The other major process is temp swing. Although same joules may be going out, temp swings (cycles) is a factor for MTBF.

I have sometimes used 1/8w resistors, only because space was a concern (small board, lots of parts, etc), and did not want to go SMD.
 

LowQCab

Joined Nov 6, 2012
1,931
When the Exterior-Surface has ~4X the Surface-Area,
then 4X more heat can go directly to Convection,
instead of Heating-Up the Board.

In fact, the larger the number of Components,
and the bigger those Components are,
the more Heat can be dissipated by the whole assembly,
because there is substantially more Surface-Area than a flat PC-Board.
.
.
.
 

Thread Starter

MB107

Joined Jul 24, 2016
290
The decision is not so straight forward. When I got started in electronics many moons ago the standard stock of resistors consisted of E12 10% ½W. Now things are much more complex.

Here are some considerations:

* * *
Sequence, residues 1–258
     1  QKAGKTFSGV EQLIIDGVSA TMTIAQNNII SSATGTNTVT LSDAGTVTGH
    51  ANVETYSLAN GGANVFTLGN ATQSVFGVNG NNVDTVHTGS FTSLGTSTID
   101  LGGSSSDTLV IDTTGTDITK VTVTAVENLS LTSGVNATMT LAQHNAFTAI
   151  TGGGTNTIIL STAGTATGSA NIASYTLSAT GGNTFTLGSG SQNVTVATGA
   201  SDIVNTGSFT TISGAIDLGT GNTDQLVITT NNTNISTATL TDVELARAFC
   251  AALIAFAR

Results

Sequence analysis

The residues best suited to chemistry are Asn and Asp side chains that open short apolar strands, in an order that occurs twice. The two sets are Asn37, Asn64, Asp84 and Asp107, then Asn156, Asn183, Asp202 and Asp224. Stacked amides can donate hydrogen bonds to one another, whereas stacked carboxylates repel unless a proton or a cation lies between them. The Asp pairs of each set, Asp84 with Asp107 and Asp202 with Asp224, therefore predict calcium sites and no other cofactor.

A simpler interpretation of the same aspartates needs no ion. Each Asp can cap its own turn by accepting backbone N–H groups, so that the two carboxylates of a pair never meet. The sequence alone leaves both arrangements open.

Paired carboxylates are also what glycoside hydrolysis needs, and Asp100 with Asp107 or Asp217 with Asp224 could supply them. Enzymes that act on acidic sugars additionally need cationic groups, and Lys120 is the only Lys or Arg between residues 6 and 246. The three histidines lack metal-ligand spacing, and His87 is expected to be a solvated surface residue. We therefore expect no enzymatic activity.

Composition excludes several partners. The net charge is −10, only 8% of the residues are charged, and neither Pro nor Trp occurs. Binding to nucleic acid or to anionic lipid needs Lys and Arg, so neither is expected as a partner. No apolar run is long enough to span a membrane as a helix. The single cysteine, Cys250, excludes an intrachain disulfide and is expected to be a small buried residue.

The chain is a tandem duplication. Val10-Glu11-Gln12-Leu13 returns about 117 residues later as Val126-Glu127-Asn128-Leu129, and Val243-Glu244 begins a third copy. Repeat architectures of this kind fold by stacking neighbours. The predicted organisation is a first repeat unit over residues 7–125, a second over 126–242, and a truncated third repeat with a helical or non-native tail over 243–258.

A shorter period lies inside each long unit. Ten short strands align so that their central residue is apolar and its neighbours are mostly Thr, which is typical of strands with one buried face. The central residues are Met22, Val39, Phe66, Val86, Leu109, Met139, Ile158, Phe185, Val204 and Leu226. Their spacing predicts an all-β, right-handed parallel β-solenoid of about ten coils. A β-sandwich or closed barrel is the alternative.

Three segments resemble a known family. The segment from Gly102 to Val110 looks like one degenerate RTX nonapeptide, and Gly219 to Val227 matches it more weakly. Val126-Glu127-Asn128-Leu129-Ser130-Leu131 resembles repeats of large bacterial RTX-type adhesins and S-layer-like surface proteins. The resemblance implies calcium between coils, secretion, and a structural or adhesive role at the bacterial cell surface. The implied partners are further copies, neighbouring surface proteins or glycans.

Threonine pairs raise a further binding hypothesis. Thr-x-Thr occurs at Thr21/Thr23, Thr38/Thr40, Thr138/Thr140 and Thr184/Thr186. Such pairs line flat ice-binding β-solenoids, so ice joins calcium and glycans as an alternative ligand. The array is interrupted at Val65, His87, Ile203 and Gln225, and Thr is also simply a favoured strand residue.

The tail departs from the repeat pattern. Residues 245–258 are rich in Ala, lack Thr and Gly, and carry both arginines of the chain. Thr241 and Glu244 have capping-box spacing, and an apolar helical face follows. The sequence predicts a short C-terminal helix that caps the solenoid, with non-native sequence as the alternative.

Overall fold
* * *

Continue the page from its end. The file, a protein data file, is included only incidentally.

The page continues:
#1 - Consider the cost, time and effort of acquiring, sorting, and storing multiple sets of resistors.
#2 - What are your requirements, through hole or SMD?
#3 - What tolerance meets your requirements, ±10%, ±5%, ±1%?
#4 - Which series should you stock, E6, E12, E24, E48, E96, E192?
#5 - And finally, what wattage?
#6 - And so, what are your typical applications?

Let's narrow it down:

#1 - Stick to one set, the recommendation as follows:
#2 - Thru-hole resistors
#3 - 5%
#4 - E12
#5 - For most applications, analog or digital, stock ¼W resistors. There is no great advantage in stocking 0.125W. If you want to build compact circuits you would go to SMD.

There will be occasions when you need to go to higher wattage such as ½W and 1W. You need to decide on these by doing the wattage calculation. Always go up to the next higher wattage. For example, if your calculated power dissipation is 0.2W go to ½W resistor. You want to go higher, not lower. There is no detriment to going higher except for the extra space required.

Instead of calculating the power dissipated, you can use this chart for a quick estimate of the resistor wattage you should use.

View attachment 258080